The difficulties of the poor are legion.  Sure, lack of sobriety makes things much worse but the cause?  I think poverty is a bit more complicated than that and better people than me have found it a hard nut to crack.  For a study of poverty, you can't beat William Booth.  (He wasn't keen on alcohol either.)  His mapping of absolute poverty in London, street by street, (black being the worst areas) is still an eye opener today.  But no matter whether you think it is down to the individual, is structural, cultural or a mixture of reasons, there's an awful lot of it about.  And poverty scares the hell out of people.

        1. dianetrotter profile image71
          dianetrotterposted 2 years agoin reply to this

          I have pondered this issue for some time.  I agree with gmwilliams and in addition....

          In the 80s, one of my sorority sisters did a workshop on the "brain drain" that was taking place in the inner city.  I didn't realize the full impact until I started teaching school in the mid 90s. 
          As African American, who benefitted from desegregation and the Civil Rights Movement, became educated, we left the inner city.  We left the elderly and our younger sisters and brothers.  Our incomes did not benefit our hometowns.

          The late 60s and 70s also brought more liberal thinking on sex and shacking.  We were provided free birth control pills. With this came marijuana, uppers and downers and cheap wines to use as chasers.  Many went on to use stronger drugs.  There was no one in the community to keep Dr. King's vision before them.  They didn't pursue education.  Girls were having babies to get welfare checks.  This was a major spiral down.  This brought crime because unemployed people sell drugs, steal, and do whatever to get income.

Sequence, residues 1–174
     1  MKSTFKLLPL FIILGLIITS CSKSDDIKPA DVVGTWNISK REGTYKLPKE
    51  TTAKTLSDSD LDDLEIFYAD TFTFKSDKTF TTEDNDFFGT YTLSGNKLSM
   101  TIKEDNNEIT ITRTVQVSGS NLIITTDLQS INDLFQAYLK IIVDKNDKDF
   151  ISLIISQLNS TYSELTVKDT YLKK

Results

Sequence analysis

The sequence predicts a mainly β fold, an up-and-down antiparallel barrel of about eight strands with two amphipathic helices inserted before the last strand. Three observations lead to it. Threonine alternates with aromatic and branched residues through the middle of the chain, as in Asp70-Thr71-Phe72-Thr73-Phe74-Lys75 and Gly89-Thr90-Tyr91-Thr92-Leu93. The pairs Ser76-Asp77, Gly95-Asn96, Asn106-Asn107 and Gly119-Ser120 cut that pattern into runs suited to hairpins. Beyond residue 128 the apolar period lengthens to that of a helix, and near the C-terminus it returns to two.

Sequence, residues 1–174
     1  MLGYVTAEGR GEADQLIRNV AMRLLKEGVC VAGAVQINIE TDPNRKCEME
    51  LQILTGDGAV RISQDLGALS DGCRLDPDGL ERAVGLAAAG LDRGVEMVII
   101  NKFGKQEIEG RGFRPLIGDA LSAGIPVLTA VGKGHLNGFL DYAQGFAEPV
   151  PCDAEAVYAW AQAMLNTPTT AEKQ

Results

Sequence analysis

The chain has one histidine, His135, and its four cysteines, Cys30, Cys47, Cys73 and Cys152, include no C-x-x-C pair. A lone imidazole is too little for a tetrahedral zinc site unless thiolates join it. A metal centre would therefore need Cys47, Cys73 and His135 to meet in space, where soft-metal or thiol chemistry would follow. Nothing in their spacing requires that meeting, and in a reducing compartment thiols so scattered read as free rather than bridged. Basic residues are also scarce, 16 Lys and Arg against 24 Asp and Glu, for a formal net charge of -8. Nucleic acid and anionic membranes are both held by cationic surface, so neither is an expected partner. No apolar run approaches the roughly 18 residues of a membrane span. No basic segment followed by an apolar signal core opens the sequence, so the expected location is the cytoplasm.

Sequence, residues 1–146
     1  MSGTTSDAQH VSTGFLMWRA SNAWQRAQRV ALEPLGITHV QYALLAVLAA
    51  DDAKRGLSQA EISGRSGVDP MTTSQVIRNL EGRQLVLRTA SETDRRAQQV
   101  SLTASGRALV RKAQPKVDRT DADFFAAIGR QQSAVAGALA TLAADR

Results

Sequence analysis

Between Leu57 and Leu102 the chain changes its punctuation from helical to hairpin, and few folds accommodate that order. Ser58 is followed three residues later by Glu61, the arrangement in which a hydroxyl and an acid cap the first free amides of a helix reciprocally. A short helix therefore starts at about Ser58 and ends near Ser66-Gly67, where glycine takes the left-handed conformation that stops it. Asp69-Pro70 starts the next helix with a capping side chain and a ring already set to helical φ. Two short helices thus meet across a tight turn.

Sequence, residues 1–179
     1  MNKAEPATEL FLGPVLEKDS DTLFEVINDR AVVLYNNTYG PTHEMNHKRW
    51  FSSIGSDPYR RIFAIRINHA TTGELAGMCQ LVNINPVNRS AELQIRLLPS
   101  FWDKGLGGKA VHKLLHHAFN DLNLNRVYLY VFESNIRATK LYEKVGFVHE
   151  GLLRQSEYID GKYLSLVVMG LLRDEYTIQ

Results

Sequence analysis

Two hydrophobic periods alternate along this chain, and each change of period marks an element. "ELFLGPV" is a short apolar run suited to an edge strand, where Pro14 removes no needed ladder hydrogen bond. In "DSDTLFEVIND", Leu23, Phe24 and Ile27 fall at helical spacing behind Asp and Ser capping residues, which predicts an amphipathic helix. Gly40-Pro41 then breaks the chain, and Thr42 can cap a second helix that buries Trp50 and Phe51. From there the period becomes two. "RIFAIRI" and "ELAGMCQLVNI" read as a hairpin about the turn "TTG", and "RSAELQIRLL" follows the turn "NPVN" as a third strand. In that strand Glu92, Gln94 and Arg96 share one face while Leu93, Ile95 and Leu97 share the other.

Our neighborhood grocer, Mrs. Tabors, was robbed so much that she had to close her store.  This was the white lady that extended credit to Black people in the community.  I grew up several blocks from Little Rock Central High School which was integrated by the Little Rock 9.  Our house was flattened in September 2014 because no one lived there and my sister, who is bipolar and crack addicted, killed someone there in the house.  This brings up mental illness.  We tried to get help for my sister from 1995-2004.  We were told that, unless she hurt someone or herself, there was nothing they could do.  Well she killed a fellow drug addict.  She went to prison.  She is out and still has mental issues.

          Those who want jobs should be employable.  They will not get jobs with pants sagging, drugs in their systems and inability to communicate effectively outside of their local areas.  This is where professional African Americans need to intervene.  These people are our relatives.

          I plan to go back this summer after I retire.  I've contacted community revitalization.  Now I'm trying to see if I can get a producer interested in following the revitalization of the community.

          I have many thoughts on this and have an emotional investment and sense of responsibility.